The body is what keeps us grounded in this world. It gives us the form we need in order to live and survive in this world. It is where the instincts reside. And the instincts, are what keeps us safe in this world, alert and alive. They are our senses, our ability to be in this world and to listen, to be alert, to the surroundings.
The three elements, or contributors, I want to point out here are the heart, the mind, and the soul. They are contributors to the work of self-realization, and can be the antagonists of it as well. They make up different levels and aspects of the individual that come into my work with clients.
Soul – Attention – Mindfulness
The first significant skill that I have learned from meditation is to take a pause before I speak or act, and to bring my attention back to the center, or self, inside of me. These are the skills, as I understand them, that are referred to as mindfulness and presence. This allows me to be with whatever is going on inside of me or outside of me before I speak or act. It is in these pauses, these moments, that I feel I am most awake, alive, or present in my life. The second significant skill I learned is to proceed from this pause, this mindfulness, this being present, with loving kindness and compassion. To meet others from that place of compassion.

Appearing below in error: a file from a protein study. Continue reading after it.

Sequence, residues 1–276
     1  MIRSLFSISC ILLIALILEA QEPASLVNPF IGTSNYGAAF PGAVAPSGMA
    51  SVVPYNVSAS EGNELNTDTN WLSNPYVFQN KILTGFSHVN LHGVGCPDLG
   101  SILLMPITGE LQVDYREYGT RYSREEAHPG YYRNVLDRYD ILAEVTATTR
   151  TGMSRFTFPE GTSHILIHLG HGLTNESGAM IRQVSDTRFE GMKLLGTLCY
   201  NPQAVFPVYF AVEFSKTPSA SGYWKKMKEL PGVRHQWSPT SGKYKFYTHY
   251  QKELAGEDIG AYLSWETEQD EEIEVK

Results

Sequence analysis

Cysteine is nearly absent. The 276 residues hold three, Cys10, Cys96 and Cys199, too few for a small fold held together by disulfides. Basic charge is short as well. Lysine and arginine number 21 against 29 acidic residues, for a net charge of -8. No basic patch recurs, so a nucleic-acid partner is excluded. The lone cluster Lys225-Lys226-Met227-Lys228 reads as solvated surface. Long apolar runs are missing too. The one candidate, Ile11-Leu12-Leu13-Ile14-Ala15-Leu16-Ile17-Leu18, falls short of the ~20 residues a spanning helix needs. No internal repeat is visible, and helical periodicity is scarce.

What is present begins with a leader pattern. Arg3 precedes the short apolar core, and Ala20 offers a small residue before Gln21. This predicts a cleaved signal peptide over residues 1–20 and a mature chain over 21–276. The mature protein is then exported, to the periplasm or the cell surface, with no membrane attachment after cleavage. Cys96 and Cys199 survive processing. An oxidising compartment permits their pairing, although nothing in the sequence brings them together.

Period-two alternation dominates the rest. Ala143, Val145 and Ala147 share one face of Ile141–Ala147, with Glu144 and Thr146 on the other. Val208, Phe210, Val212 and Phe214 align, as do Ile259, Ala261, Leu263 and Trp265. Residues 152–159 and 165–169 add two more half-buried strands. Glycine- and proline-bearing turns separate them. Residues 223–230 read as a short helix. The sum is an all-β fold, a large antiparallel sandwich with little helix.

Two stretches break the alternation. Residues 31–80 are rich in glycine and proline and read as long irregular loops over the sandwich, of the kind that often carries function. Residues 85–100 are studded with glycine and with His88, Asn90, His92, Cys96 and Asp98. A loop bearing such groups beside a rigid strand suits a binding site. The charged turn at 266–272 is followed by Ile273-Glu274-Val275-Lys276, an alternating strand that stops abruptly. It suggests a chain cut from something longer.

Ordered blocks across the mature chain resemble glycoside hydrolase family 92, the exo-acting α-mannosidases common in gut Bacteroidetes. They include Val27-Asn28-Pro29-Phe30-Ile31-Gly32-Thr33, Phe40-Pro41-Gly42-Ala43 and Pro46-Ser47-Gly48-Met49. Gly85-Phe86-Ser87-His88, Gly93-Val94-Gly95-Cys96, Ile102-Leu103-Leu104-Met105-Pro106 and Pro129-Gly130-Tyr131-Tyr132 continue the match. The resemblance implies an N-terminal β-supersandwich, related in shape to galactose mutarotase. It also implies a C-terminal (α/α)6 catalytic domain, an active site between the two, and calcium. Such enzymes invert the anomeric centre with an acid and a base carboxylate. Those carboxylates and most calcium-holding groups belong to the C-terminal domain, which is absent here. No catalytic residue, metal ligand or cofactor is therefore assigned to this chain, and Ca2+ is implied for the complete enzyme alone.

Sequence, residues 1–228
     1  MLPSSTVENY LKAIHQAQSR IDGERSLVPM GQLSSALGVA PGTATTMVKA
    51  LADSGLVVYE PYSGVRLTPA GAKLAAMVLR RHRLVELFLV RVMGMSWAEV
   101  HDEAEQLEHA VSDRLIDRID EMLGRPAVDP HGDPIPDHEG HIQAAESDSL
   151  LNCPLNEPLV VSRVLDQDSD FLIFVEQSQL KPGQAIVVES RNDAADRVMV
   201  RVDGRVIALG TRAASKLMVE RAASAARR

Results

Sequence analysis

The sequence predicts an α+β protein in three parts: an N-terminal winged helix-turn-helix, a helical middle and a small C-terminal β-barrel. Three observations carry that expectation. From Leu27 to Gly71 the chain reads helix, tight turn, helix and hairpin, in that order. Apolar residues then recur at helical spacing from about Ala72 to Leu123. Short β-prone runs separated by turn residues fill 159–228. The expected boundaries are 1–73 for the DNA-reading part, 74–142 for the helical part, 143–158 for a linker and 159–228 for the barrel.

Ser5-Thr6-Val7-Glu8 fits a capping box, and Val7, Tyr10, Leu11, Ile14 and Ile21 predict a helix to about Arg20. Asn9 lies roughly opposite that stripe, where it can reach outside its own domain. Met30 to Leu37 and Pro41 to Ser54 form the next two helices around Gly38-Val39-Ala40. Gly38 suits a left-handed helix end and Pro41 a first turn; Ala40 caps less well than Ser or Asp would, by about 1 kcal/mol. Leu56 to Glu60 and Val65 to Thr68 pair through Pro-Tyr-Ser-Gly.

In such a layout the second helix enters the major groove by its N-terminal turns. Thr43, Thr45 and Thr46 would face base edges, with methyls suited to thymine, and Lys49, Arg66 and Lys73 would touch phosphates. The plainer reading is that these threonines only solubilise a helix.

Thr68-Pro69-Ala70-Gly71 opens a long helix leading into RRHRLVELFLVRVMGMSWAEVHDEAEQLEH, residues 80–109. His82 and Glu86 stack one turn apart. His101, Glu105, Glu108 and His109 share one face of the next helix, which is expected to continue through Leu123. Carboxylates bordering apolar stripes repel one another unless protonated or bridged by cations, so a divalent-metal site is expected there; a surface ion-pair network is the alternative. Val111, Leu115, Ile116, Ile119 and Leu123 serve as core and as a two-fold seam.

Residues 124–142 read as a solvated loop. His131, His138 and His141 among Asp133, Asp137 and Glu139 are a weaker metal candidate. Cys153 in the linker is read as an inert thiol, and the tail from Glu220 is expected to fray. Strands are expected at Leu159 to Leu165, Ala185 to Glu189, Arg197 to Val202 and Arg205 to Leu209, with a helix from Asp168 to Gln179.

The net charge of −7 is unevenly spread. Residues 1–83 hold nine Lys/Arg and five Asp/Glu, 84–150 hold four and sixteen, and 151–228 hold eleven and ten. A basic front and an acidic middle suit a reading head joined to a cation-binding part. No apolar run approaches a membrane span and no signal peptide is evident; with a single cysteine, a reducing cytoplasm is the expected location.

In my meditation practice, I have been taught that the attention is the outward expression of the soul. Being mindful and present, for me, has come to be about working with the soul. Where your attention is, there is your soul, being directed toward whatever it is you are focused on. Working with your attention is one way of working with your soul. It is this skill, this ability and capacity, that I want to help you learn and develop for yourself. As I have come to see it, it is from there that the work begins.
Mind – Intellect – Psyche
My perspective on life is also greatly informed by psychology. The discipline and science of psychology has come to help me understand myself in various ways. Those include psychological development, from childhood to adulthood, into becoming an elder; family of origin influences and the system I emerged out of; cultural and social conditionings; intrapsychic workings; interpersonal dynamics; and more. Given certain early experiences, psychology has helped me to better understand who I am and how to make changes in my life. It became the focus of my education and trainings relatively early on and is all about the work I do with others.